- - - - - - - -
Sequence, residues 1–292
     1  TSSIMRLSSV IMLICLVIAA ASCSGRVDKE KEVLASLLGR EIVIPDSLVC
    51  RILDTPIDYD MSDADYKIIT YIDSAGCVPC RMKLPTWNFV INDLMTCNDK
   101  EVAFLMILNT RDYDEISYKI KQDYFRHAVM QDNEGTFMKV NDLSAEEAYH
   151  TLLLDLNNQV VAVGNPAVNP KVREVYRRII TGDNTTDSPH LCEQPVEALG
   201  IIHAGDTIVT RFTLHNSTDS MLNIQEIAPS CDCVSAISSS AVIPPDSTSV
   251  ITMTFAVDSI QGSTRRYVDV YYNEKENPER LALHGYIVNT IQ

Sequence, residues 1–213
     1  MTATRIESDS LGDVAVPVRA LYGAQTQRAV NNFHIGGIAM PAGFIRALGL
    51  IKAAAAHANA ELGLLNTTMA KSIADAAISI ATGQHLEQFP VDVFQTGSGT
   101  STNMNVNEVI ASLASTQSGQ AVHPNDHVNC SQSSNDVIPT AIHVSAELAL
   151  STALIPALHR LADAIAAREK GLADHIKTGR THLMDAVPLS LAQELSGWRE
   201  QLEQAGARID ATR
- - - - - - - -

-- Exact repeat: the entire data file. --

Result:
Sequence, residues 1–292
     1  TSSIMRLSSV IMLICLVIAA ASCSGRVDKE KEVLASLLGR EIVIPDSLVC
    51  RILDTPIDYD MSDADYKIIT YIDSAGCVPC RMKLPTWNFV INDLMTCNDK
   101  EVAFLMILNT RDYDEISYKI KQDYFRHAVM QDNEGTFMKV NDLSAEEAYH
   151  TLLLDLNNQV VAVGNPAVNP KVREVYRRII TGDNTTDSPH LCEQPVEALG
   201  IIHAGDTIVT RFTLHNSTDS MLNIQEIAPS CDCVSAISSS AVIPPDSTSV
   251  ITMTFAVDSI QGSTRRYVDV YYNEKENPER LALHGYIVNT IQ

Sequence, residues 1–213
     1  MTATRIESDS LGDVAVPVRA LYGAQTQRAV NNFHIGGIAM PAGFIRALGL
    51  IKAAAAHANA ELGLLNTTMA KSIADAAISI ATGQHLEQFP VDVFQTGSGT
   101  STNMNVNEVI ASLASTQSGQ AVHPNDHVNC SQSSNDVIPT AIHVSAELAL
   151  STALIPALHR LADAIAAREK GLADHIKTGR THLMDAVPLS LAQELSGWRE
   201  QLEQAGARID ATR